Survival

In a mentoring session yesterday I heard the story about a young lawyer who left practice because she was working for the LFH, otherwise known as the lawyer from hell. Difficult to please, never satisfied, always quick to criticize and with a big enough practice and voice within the firm to make sure the lawyer was not kept on.

She has left the practice for good.

It reminded me of one football season when I was sixteen. I adored football. I was good at it and practiced all the time. It may shock you to discover I played left tackle. (More about the importance of that position in a future post.)

In practice I played against a defensive player named Paul. He was built like Gibraltar. His arms thick as timber. Every second or third play as we engaged, he would slap me in the helmet on the way by. We practiced three nights a week after school. That meant three headaches a week.

At first I looked forward to the games on Sunday. It was a break from Paul, though I noticed he wasn’t doing it on the field to the opponents. Just to me on weeknights.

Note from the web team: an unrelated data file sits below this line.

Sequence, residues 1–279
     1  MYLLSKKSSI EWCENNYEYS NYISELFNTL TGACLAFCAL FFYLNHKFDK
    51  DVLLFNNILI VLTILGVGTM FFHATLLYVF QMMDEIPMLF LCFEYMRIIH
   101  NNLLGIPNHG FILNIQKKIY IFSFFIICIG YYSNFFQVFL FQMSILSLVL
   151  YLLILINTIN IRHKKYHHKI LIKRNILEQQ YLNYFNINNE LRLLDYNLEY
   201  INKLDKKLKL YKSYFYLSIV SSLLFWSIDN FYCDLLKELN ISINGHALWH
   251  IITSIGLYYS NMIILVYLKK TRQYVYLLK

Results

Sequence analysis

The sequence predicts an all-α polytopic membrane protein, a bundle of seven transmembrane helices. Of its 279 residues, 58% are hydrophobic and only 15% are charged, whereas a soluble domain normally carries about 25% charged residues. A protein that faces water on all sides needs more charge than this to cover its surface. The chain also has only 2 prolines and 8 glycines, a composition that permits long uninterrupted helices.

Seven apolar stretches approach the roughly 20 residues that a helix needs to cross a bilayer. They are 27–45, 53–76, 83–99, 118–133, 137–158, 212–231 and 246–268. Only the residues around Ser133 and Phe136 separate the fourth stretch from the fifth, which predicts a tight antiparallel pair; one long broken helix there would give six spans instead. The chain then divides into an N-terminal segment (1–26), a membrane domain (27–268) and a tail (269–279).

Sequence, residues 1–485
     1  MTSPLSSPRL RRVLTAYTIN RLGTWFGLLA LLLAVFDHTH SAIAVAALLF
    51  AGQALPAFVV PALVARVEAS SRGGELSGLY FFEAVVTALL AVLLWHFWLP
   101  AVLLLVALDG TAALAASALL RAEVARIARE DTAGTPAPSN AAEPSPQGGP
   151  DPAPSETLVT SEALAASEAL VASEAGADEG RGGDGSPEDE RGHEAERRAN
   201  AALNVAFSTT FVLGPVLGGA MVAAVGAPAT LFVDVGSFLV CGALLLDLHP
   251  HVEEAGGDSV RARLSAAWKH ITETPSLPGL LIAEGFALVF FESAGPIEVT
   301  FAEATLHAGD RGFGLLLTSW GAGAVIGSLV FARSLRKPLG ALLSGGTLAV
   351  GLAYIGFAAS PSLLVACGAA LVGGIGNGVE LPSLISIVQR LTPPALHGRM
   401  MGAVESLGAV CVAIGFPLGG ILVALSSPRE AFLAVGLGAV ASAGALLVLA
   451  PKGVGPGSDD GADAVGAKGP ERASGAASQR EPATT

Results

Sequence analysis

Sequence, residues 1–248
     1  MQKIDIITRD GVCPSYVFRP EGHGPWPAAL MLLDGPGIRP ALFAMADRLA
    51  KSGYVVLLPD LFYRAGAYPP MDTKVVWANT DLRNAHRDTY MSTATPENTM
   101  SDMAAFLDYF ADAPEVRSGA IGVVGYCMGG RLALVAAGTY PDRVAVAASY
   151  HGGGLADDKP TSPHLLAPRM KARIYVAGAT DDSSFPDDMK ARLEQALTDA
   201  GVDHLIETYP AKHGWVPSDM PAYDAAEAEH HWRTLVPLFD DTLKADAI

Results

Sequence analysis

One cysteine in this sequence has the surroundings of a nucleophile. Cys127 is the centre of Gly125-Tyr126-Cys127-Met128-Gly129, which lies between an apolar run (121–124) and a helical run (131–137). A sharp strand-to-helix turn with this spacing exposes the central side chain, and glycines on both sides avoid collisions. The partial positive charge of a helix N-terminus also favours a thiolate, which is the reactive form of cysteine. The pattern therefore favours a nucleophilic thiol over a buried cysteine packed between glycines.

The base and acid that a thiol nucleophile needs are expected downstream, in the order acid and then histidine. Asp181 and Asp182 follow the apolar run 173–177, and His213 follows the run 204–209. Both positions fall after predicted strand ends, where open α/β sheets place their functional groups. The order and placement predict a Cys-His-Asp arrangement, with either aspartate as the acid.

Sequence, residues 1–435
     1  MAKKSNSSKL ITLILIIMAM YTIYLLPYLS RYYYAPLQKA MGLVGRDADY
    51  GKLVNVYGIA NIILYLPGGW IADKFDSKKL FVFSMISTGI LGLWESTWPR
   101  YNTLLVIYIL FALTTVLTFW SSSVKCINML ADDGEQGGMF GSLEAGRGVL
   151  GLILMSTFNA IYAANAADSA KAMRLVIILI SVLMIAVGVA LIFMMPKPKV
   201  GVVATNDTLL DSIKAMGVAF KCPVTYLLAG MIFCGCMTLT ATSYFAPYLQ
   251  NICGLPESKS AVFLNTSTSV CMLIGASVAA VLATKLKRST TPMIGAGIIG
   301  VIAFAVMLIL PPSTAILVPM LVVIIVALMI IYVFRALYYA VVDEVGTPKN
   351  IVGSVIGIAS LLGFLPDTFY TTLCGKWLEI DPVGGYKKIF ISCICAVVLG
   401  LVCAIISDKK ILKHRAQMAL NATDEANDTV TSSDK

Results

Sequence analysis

It wasn’t long until I began to hate football. Years later I began to understand the number of concussions I suffered that season. Thankfully I still remember my name…. and Paul’s.

If your’e caught in a situation like this, listening to the advice that, “learning to deal with this will make you stronger,” can be a terrible idea. If your self-confidence is beginning to wane, if you can no longer bear the idea of getting up in the morning, if the situation has become intolerable, remember one thing.

The power is in your hands. Dealing with it by reporting the behaviour is your decision. Leaving the relationship is your decision. Tolerating the situation may only increase the level of concussion that your ego is suffering.

If you’ve lived through it or if you have advice, please weigh in.

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Here is your opportunity to pose your questions: about professional life, about your career development, or anything else that comes to mind that will help us all improve. Whether it’s practical, psychological, ethical or related to communicating, this is designed as a safe space to share our issues, and to invite senior people to weigh in. Our goal : to improve professional life, to honestly expose its weaknesses, and work together to improve it.